BAD PYRMONT, GERMANY. Calcium and vitamin-D deficiencies are common both in Europe and the United States and so is hypertension (high blood pressure).
Researchers at the Institute of Clinical Osteology Gustav Pommer have just released the results of a study that clearly links the two.
Their randomized, double blind clinical trial involved 148 women (mean age of 74 years) who had a low blood level of 25-hydroxycholecalciferol (25OHD3)- the active form of vitamin-D. Half the women were assigned to take 600 mg of elemental calcium (in the form of calcium carbonate) with breakfast and dinner. The other half took 600 mg of calcium plus 400 IU of vitamin-D3 twice a day.
After eight weeks of supplementation the average (mean) systolic blood pressure in the vitamin-D plus calcium group had dropped by 10 per cent (from 144 mm Hg to 131 mm Hg) and the blood level of 25OHD3 had increased by 72 per cent.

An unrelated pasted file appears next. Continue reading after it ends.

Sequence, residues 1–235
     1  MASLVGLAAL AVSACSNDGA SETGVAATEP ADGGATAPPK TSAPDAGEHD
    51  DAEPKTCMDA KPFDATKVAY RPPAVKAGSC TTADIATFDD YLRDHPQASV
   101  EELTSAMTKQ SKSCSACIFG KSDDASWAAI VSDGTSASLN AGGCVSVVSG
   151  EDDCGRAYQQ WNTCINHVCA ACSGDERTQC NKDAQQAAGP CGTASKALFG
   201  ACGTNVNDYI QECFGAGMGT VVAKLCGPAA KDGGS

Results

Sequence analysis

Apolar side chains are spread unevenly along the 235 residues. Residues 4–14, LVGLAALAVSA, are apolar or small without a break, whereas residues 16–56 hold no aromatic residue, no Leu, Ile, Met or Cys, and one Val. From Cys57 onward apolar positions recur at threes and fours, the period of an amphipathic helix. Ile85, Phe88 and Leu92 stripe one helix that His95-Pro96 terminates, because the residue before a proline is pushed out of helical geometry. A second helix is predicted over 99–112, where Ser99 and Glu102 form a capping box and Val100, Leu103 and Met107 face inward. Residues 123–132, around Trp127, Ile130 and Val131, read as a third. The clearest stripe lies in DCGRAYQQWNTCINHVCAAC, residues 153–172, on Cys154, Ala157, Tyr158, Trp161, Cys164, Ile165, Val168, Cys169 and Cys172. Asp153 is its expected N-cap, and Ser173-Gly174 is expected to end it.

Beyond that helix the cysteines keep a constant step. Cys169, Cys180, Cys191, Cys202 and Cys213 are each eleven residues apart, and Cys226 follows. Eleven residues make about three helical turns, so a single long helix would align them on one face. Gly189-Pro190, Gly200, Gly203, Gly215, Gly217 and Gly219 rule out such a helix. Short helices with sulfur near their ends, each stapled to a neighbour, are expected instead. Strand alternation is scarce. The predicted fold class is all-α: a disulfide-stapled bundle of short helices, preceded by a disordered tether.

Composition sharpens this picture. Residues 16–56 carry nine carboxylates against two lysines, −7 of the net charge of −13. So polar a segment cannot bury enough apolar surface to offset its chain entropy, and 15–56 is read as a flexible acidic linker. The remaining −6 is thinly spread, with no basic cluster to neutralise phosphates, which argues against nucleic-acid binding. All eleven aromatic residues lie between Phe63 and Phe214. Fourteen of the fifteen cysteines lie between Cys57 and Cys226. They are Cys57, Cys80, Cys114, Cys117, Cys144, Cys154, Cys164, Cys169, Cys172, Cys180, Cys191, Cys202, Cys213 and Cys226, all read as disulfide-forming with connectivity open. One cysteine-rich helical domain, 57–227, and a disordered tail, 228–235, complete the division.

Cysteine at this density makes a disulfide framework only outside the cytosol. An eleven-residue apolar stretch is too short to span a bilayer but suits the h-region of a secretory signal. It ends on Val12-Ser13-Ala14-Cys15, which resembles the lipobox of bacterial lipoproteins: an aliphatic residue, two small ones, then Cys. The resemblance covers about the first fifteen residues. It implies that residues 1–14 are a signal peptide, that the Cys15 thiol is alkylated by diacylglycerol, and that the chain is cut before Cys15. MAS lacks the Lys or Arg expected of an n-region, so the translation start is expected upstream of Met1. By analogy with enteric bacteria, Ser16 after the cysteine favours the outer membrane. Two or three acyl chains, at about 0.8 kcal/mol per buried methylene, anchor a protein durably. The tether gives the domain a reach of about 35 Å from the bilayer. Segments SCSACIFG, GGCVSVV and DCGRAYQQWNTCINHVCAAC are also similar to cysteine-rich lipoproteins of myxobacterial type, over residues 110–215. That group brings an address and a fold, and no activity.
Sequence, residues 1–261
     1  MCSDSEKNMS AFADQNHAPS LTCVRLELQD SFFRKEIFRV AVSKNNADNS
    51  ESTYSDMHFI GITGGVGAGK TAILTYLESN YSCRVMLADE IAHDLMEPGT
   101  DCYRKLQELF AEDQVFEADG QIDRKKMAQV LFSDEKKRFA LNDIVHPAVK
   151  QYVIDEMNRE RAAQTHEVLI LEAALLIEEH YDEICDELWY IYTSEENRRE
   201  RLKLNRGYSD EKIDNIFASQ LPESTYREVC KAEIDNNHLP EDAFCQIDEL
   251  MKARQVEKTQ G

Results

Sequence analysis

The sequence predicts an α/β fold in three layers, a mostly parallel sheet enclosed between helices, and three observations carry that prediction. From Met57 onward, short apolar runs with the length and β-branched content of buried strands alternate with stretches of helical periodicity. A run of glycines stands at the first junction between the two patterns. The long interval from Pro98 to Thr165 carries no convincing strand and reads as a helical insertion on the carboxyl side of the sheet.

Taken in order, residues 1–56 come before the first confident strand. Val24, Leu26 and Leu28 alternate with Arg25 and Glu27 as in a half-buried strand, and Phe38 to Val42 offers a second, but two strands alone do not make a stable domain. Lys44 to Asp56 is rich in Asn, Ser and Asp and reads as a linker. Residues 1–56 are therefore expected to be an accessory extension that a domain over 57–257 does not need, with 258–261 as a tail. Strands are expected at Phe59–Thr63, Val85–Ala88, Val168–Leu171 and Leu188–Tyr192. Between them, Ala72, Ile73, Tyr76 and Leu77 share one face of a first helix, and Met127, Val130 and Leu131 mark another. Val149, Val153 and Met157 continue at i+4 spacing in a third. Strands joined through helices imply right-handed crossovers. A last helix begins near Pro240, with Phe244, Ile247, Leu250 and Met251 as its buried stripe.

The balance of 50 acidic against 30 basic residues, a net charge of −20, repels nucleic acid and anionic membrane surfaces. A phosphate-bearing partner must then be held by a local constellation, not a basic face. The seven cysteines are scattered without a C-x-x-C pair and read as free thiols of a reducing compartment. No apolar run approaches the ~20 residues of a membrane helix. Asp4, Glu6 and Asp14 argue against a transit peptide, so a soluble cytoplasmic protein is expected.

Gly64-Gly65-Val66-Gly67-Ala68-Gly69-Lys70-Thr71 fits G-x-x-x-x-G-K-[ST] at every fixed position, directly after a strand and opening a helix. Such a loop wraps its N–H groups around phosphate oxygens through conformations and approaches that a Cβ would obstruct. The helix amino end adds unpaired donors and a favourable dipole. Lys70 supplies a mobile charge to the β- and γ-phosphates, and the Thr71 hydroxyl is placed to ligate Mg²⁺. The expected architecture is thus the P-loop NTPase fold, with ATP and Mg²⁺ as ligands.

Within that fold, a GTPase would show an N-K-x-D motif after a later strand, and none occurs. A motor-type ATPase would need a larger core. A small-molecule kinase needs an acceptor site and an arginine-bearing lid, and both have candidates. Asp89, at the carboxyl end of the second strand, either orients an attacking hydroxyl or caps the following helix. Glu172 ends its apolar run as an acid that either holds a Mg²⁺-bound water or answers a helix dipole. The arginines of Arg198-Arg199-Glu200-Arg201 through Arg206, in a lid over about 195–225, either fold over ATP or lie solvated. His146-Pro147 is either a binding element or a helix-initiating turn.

The diastolic pressure also dropped slightly (from 84.7 to 77.5 mm Hg), but this change was not statistically significant. The systolic pressure also dropped in the calcium only group, but only by 4 per cent. The researchers conclude that short-term supplementation with calcium plus vitamin D is more effective in lowering blood pressure than is supplementation with calcium alone.
NOTE: This study was partially funded by Strathmann, Inc. a manufacturer of calcium and vitamin D supplements.
Pfeifer, Michael, et al. Effects of short-term vitamin D3 and calcium supplementation on blood pressure and parathyroid hormone levels in elderly women. Journal of Clinical Endocrinology & Metabolism, Vol. 86, April 2001, pp. 1633-37